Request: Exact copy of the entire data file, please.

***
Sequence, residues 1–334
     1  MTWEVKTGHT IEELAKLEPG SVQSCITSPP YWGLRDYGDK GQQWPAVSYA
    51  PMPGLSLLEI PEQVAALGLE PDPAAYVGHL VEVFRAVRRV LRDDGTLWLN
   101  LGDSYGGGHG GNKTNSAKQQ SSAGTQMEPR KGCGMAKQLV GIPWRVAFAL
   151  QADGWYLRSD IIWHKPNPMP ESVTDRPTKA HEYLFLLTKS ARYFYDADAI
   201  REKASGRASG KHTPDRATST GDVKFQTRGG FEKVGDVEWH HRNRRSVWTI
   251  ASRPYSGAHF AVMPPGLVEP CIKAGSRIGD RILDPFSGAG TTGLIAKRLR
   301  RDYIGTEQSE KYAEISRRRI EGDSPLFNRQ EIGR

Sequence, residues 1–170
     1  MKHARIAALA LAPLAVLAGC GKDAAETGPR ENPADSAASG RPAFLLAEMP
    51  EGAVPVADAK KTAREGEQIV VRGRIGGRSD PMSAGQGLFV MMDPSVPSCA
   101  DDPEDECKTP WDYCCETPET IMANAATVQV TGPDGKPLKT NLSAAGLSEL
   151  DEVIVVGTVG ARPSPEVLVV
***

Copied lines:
Sequence, residues 1–334
     1  MTWEVKTGHT IEELAKLEPG SVQSCITSPP YWGLRDYGDK GQQWPAVSYA
    51  PMPGLSLLEI PEQVAALGLE PDPAAYVGHL VEVFRAVRRV LRDDGTLWLN
   101  LGDSYGGGHG GNKTNSAKQQ SSAGTQMEPR KGCGMAKQLV GIPWRVAFAL
   151  QADGWYLRSD IIWHKPNPMP ESVTDRPTKA HEYLFLLTKS ARYFYDADAI
   201  REKASGRASG KHTPDRATST GDVKFQTRGG FEKVGDVEWH HRNRRSVWTI
   251  ASRPYSGAHF AVMPPGLVEP CIKAGSRIGD RILDPFSGAG TTGLIAKRLR
   301  RDYIGTEQSE KYAEISRRRI EGDSPLFNRQ EIGR

Sequence, residues 1–170
     1  MKHARIAALA LAPLAVLAGC GKDAAETGPR ENPADSAASG RPAFLLAEMP
    51  EGAVPVADAK KTAREGEQIV VRGRIGGRSD PMSAGQGLFV MMDPSVPSCA
   101  DDPEDECKTP WDYCCETPET IMANAATVQV TGPDGKPLKT NLSAAGLSEL
   151  DEVIVVGTVG ARPSPEVLVV